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The Boyar’s life is a miracle20.09.2012
ArtLeaks | en
The handover of power after the 2012 Serbian elections meant a shift in the country’s geopolitical alignment as well as its system of government. The effect on the cultural economy is beginning to show the paths its future development might take. This case-study examines ethno-centric cultural real estate projects as symptoms of a possible regression to feudal relations.
The rise of the “ethno-city” in Serbia and Serbian-held parts of Bosnia between 2003- 2012 represents a new stage in the retroactive “improvement” of national history, especially of the ethnic-cleansed areas. The “ethno-city”, is a form of sprawling tourist resort in which visitors gain education – that is the acceptable interpretation of the national narrative. Unlike most ordinary “ethno-villages”, which just try to turn profit and survive, the larger, “ethno-cities” are typically built in areas where the population has been cleansed by war or economy. These “ethno-cities” are sanctified and protected by their “ethno” status, which also means they are in a way, state & church-run enterprises under private ownership. If the ethnified villages are the kitchy continuation of their own existence and the regular village tourism, the “cities” seem more like descendants of earlier machines for improving a sense of history, philosophy and spirituality – the baroque “folly”, and the theme park. The latter day Serbian follies have been known to grow into modest hamlets of wooden mountain houses, castles, cinemas, swimming pools, multiple restaurants of national cuisine, clubs, gyms, libraries, kindergarden, saunas, skiing resorts, hotels, and the obligatory Russian-esque wooden village church. The cities, just as the castles of yesteryear with their follies, are built to cater to all the needs of their owners and their guests. Sometimes, they include minor, yet stylish distractions as well – a national hero or a celebrity statue, a monastery, a vintage car or horse buggy, afilm or classical music festival, a business school, organic juice factory, and so on… The local park rangers are at hand to police the grounds, guarding the tranquility of the “estate.”
The description above fits both Nemanja (Emir) Kusturica’s sprawling real-estate and cultural fiefdom, as well as the quaintly massive ethno-village “Stanišići” near Bijeljina. As Kusturica’s first such venture “Drvengrad” is branching out, growing into a fully developed resort, the old story of “a couple of houses with chickens running in the yard” is expediently being forgotten. As if it could have fooled anyone. The project started two years ago, when the director spotted a “beautifully lit” mountaintop across from his film-set. Soon, the designation of the area as a “state national park” was postponed, giving Kusturica time to build, while effecting a ban on construction for the local villagers, over whose pastures the complex now sprawls. That gave way to the next stage, a “minor” expansion in the form of a fully equipped resort. The economy of the expansion is what is of public interest here. Not only were public lands usurped and villagers’ lives and economy damaged, but the expansion has been necessary to justify investment in further regional ambitions: “Andrićgrad”, nearing completion next to Mehmed Pasha’s bridge in Serb-ruled and ethnically cleansed Višegrad, in Bosnia, and just festively announced, “Kraljevograd” next to the Maglič medieval fortress, a heritage site in the Ibar river valley, between Studenica and Žiča monasteries, inside Serbia proper.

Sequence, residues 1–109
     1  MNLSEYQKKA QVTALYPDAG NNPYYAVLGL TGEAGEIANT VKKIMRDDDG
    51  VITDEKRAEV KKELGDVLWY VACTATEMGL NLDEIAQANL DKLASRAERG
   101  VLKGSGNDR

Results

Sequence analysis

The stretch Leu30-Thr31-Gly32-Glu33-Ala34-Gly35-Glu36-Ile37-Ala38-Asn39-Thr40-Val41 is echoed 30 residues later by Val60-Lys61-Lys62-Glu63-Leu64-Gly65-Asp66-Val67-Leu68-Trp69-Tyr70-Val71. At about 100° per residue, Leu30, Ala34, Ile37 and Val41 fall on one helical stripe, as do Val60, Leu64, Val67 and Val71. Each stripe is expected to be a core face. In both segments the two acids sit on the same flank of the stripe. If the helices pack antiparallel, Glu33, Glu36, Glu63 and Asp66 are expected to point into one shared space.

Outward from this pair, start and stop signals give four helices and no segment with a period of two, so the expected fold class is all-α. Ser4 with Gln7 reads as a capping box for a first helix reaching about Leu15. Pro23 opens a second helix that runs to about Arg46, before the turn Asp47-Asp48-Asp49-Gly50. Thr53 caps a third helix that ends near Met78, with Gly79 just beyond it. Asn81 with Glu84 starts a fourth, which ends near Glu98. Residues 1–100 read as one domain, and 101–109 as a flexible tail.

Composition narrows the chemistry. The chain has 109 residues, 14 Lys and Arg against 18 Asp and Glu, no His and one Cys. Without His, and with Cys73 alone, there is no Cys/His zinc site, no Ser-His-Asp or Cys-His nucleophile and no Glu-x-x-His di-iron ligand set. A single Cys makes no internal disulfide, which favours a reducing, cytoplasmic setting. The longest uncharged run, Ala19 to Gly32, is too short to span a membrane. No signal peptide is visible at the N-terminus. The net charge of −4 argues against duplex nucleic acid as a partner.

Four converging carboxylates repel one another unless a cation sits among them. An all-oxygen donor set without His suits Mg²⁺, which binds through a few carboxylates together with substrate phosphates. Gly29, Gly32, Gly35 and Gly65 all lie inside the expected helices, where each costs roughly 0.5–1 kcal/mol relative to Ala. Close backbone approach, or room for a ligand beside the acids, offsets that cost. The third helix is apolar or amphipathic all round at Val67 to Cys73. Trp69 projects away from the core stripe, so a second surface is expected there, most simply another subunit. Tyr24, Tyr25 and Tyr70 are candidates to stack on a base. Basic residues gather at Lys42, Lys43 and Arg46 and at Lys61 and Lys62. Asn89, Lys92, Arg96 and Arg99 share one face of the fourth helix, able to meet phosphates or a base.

The crimes of the local Serbs and the genocide in Višegrad (and Bijeljina) were the subject of several trials in the International tribunal for war crimes, Milan Lukić’s trial being one of the most highly profiled. The “Andrićgrad” project represents a key final stage in successive waves of cultural normalization. As soon as the peace accords rewarded the aggression, Serb director Srdjan Dragojević began filming his fiction over the locations of the recent genocide. With the arrival of Kusturica’s project aiming for the cultural solidification of national gains, an indelible imprint on the political landscape of the region is being made: by literally re-reading the history narrated by architectural occupation. The method of altering reality through retroactive “improvements of medieval infrastructure”1 is carefully shaped so as to be seen as desirable and to be well-received by the Serbian public. There are no negative associations with the nostalgic world of medieval knights; and the lost Serbian kingdom is a bedrock not only of nationalist system of values, but is being branded as the base for a national consensus that has persistently promoted the value of land over life.